Why Is Habitat for Humanity Pushing for the Same Things Wall St. Badly Wants?
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It’s hard enough to regulate Wall Street’s activities with the usual band of well-paid lobbyists and lawyers attacking every provision. But imagine what would happen if organizations purporting to represent the poor and disenfranchised swarmed Capitol Hill and demanded deregulation.
Last week saw two such incidents, both focused on the Consumer Financial Protection Bureau’s new mortgage rules, based on the simple idea that lenders should only offer mortgages to borrowers who can afford the terms. The rule sets standards for “qualified mortgages,” excluding risky products like “interest only” loans (where the monthly payment only covers the accrued interest) or loans with excessive upfront costs. Additionally, lenders must judge that the borrower has the ability to repay, based on income and other monthly bills.
Lenders can still make riskier loans, but they would be on the hook for a lawsuit if the borrower defaulted. Qualified mortgages get a safe harbor, both for the lender and whoever they might sell the loan to on the secondary mortgage market. The basic idea is to prevent a glut of dangerous mortgages in the marketplace, like the ones that collapsed after the housing bubble and led to the financial crisis.
The rules went into effect Jan. 10. The sky has not fallen and people are still getting loans, but mortgage bankers and their allies in Washington have been screaming about how the rules will inhibit lending, despite the fact that over 87 percent of all mortgages originated in 2012 would have met the qualified mortgage standard, and the other mortgages aren’t even banned (it’s more that the banks don’t want nonqualified mortgages on their books, and if the loans are that toxic, maybe they shouldn’t be sold in the first place).
Sadly, some unlikely voices joined the Wall Street chorus in January. Representatives from Habitat for Humanity, which builds and repairs houses with volunteer labor for poor families all over the world, testified to the House Financial Services Committee that the new rules unfairly burden them. Habitat doesn’t give away homes, but outfits them with no-interest, affordable mortgages. Because they work with borrowers who would be considered subprime, under the new rules their loans trigger additional scrutiny, which Habitat believes creates significant compliance hurdles.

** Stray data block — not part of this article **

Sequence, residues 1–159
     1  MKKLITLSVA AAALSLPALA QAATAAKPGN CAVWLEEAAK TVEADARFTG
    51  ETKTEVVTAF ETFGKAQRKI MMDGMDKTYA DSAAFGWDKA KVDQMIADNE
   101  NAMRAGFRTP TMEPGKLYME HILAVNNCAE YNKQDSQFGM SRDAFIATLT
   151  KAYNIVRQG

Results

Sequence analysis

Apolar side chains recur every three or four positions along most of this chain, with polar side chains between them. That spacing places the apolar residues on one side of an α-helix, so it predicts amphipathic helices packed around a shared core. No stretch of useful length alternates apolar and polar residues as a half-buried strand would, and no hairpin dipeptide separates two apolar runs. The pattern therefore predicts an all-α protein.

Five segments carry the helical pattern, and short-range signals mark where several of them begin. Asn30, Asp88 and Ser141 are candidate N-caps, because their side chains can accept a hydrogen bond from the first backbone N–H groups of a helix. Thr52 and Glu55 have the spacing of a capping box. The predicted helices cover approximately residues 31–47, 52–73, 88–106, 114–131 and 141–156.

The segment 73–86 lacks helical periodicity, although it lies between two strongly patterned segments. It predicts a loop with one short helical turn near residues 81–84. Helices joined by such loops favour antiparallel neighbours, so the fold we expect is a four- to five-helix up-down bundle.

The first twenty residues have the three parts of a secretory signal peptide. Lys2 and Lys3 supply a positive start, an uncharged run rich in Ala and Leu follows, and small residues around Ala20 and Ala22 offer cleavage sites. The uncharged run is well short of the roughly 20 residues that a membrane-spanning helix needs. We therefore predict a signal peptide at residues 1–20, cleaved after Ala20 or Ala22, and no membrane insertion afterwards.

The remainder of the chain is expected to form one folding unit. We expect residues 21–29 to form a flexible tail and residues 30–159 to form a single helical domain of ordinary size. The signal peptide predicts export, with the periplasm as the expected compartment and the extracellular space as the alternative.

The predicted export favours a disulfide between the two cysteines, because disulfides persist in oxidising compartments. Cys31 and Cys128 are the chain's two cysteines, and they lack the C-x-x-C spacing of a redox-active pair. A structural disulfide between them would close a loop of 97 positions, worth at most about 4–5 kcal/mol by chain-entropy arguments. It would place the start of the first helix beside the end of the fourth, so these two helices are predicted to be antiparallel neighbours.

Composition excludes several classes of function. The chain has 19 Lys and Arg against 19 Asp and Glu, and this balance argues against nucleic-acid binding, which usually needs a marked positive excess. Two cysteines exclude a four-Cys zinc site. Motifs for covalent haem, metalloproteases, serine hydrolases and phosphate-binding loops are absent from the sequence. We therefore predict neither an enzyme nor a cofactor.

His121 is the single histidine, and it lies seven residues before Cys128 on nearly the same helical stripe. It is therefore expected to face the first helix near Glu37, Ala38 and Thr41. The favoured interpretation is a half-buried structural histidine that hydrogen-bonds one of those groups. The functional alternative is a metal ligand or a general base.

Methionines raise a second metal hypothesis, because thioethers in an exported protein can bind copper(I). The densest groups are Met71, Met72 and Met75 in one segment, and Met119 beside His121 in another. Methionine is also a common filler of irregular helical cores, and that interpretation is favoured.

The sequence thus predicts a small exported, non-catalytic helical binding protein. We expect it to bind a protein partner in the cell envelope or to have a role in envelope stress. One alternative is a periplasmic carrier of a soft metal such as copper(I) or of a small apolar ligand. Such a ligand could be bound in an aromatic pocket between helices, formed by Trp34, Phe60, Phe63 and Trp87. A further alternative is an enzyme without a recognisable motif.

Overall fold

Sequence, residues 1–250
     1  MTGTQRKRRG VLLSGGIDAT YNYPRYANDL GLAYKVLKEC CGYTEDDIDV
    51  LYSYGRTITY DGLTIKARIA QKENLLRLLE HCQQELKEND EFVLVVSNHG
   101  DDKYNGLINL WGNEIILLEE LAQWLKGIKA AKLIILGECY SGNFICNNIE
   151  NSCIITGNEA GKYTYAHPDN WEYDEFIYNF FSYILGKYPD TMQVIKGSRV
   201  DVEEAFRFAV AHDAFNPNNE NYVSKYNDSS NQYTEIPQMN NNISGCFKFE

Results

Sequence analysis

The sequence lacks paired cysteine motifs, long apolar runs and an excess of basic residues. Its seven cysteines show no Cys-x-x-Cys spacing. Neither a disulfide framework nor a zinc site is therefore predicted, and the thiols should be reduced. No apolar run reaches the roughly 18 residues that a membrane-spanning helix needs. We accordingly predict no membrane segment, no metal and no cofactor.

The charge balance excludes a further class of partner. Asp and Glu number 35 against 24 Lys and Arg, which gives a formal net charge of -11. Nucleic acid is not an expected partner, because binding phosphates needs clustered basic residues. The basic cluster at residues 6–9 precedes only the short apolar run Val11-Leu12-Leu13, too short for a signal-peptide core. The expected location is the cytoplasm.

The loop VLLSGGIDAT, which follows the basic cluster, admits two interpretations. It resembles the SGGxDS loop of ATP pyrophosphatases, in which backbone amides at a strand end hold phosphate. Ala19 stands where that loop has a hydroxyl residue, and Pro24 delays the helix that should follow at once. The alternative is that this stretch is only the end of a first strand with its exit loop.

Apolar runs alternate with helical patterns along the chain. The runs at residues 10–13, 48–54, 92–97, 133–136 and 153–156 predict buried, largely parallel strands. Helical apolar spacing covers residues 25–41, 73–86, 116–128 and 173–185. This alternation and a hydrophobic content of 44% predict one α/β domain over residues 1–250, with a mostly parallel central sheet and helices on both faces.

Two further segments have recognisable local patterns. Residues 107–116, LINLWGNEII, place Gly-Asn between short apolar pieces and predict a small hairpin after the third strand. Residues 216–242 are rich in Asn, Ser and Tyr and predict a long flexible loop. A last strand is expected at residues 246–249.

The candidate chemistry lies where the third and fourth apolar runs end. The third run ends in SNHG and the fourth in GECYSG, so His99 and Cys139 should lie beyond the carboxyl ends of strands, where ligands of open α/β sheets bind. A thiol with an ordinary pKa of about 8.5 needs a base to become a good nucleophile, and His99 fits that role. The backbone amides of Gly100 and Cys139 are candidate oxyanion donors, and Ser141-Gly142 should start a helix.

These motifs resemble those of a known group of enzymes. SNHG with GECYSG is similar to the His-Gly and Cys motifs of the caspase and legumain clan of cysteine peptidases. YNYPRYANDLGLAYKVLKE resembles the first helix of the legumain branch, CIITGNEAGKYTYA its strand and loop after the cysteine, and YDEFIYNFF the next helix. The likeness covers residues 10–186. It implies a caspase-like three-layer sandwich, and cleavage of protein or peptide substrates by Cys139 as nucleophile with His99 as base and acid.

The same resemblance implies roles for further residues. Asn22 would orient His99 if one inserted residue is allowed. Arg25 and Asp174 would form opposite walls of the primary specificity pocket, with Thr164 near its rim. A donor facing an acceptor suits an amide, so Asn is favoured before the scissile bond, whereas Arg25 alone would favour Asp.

CFPB recognized the Habitat issue early on and exempted nonprofit organizations that write under 200 loans a year from the qualified mortgage rules. But because Habitat adds a second mortgage as a safety measure for their clients, some of their affiliates may go above that 200-loan limit. By one estimate, 99 percent of all Habitat affiliates would find themselves within the exemption. But Habitat wants 100 percent blanket coverage, and doesn’t mind loudly suggesting that in congressional hearings that then get amplified by House Republicans with designs on eliminating the qualified mortgage rules altogether. “Lenders are trying to ride on the coattails of these nonprofit organizations and their technical concerns about the scope of the exceptions,” said Michael Calhoun of the Center for Responsible Lending, who testified at the same hearing in support of the qualified mortgage rules.
Another group agitating for their own exemption is NACA, the Neighborhood Assistance Corporation of America. You may know them from their “ Save the Dream” events all over the country. NACA signs up subprime borrowers as members and uses their leverage to get banks to work with them on refinancing (some would say they intimidate banks, but I’m pro-bank intimidation so that’s fine). Their membership costs $50 a month, which is folded into the mortgage payment, and their primary mortgage product includes an “interest rate buy-down.” Under this program, if borrowers pay 1 percent of the mortgage amount upfront (known as 1 point), they reduce their interest rate by .25 percent, saving money over the life of the loan.